A year ago, Jaguar resurrected the brand's sex appeal with the F-Type convertible, a two-seater with park-it-out-front styling and a trio of supercharged engines.
The F-Type provided a refreshing alternative to a market dominated by Porsche. But a key ingredient of the recipe was missing: a hardtop. Rolling into dealerships now, the F-Type Coupe focuses on performance while offering an even more seductive silhouette. It's a delicious combo.
Mechanically, the coupe is nearly identical to the convertible. The starting points are a traditional front engine, real-wheel-drive setup and one of the quickest-shifting automatic transmissions available.
The base F-Type Coupe starts at $65,925, or $4,000 less than the ragtop. It comes with a direct-injected 3.0-liter supercharged V-6 engine that has 340 horsepower and 332 pound-feet of torque. Zero-to-60 mph ticks by in 5.1 seconds, according to Jaguar.
We spent half a day logging miles in the next model, the F-Type S, which starts at $77,925. With the same engine juiced for more power, it has 380 horsepower, 339 pound-feet of torque and a 4.8-second zero-to-60 mph time.
Our tester added another $14,000 in options. Highlights included a full-glass panoramic roof that did wonders to open up the otherwise cozy cabin, and a performance pack that included active exhaust and a dynamic mode. This mode lets the driver choose the settings for the engine, transmission, steering and suspension.
These goodies, plus a limited-slip differential, made for a thrilling ride. Jaguar says the chassis lurking beneath the finely folded aluminum body of this coupe is 80% stiffer than the convertible's. That helps the F-Type hardtop change direction with alacrity and predictability.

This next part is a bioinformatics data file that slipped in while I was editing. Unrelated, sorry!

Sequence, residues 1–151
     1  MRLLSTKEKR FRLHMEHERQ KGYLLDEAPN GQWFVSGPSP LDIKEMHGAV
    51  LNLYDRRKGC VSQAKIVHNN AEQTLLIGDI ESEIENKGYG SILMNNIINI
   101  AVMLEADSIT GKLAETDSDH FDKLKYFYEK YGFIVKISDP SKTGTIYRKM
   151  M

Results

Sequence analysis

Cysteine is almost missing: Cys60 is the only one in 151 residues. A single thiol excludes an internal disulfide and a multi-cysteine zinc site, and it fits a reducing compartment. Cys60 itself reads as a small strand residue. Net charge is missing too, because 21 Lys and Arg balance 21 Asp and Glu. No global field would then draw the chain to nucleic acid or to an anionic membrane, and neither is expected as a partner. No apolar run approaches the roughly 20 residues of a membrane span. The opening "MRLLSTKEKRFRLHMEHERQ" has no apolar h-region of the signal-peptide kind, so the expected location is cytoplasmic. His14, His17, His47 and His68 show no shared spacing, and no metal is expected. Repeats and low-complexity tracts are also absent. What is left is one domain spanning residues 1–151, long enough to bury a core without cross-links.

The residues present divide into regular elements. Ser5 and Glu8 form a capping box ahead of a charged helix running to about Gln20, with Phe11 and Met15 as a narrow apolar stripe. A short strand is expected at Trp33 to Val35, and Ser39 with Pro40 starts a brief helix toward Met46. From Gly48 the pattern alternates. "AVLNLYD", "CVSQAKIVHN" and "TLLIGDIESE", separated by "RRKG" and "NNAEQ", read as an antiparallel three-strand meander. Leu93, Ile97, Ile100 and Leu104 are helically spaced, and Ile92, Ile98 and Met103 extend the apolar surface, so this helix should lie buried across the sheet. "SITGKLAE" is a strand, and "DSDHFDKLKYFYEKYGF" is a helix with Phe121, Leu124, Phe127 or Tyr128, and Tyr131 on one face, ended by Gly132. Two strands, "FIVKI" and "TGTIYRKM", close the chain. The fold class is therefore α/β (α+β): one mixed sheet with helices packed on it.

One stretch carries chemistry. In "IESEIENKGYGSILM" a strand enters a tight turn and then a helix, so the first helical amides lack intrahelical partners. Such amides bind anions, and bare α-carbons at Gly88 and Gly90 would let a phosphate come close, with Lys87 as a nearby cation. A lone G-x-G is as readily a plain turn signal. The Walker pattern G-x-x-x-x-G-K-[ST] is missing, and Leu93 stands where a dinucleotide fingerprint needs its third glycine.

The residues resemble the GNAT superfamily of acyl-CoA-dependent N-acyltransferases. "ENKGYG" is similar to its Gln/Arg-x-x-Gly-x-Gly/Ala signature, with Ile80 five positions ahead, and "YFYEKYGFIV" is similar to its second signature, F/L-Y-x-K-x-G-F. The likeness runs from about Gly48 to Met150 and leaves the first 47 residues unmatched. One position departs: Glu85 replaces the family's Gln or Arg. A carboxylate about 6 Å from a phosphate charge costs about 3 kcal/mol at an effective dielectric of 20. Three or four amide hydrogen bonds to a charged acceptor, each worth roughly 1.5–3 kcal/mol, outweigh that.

The 380 horses give the Jaguar healthy legs for any driving situation, and its eight-speed transmission is so quick and seamless that you also suspect Jaguar sneaked in a dual-clutch gearbox rather than the automatic advertised. If only the throttle response were so immediate; at times it felt sleepy for such a powerful car.
While the V-6 coupes behave similarly to their convertible cousins, the V-8 coupe is quite a different beast than the V-8 convertible.
The Jaguar F-Type R (base price: $99,925) has 550 horsepower and 502 pound-feet of torque. That's a jump of 55 horsepower and 42 pound-feet of torque over the V-8 convertible, despite the fact that they use the same 5.0-liter supercharged engine. The car will do zero-to-60 mph in four seconds flat, Jaguar said.
We drove this car primarily on the track at Willow Springs Raceway. In this setting, the F-Type R's bottomless well of power made the lesser Jaguars feel quaint by comparison.
The F-Type R commands the driver's attention on the track in a way the more buttoned-up Porsche Cayman doesn't. The Jaguar's steering is a tad numb, which makes it harder to sense exactly where the car is on the tarmac. This, and a little extra body roll from the suspension, means it takes a few more laps to get comfortable pushing the F-Type R around than it would the Porsche.
But with a little patience, the Jaguar V-8 reveals itself to be a sublimely confident sports car. There's torque everywhere in the rev band, so the driver can shift less and pay more attention to tracking the perfect line in and out of curves.
A subtle bonus to having a hard roof over your head in the F-Type V-8 is that the cacophonous exhaust — full of throaty whip cracks and pops when you let off the gas — isn't the nuisance it can be in the convertible.
And then there's the styling. While the narrow taillights and abrupt facade look good on the roadster, the F-Type Coupe's rear end is worthy of a Sinatra song. It's elegant and muscular at the same time, and looks more complete with the rear glass window slinking down to the end of the car.
The good looks were enough to grab more than one double take and catcall during a brief drive through Beverly Hills. (The Fireside Metallic orange paint might have had something to do with it too).
All this should help Jaguar land a few more of its F-Types in people's garages. The automaker could use the help to close the gap with Porsche. Through May, Jaguar had sold just over 1,300 F-Type convertibles, while the Boxster/Cayman duo found 3,334 buyers. The (generally) more expensive Porsche 911 sold just under 3,100.
It's usually hard to talk us out of a convertible and the open-air experience. But Jaguar's F-Type Coupe combines speed and sex appeal better than almost any car on the market — roof or no roof.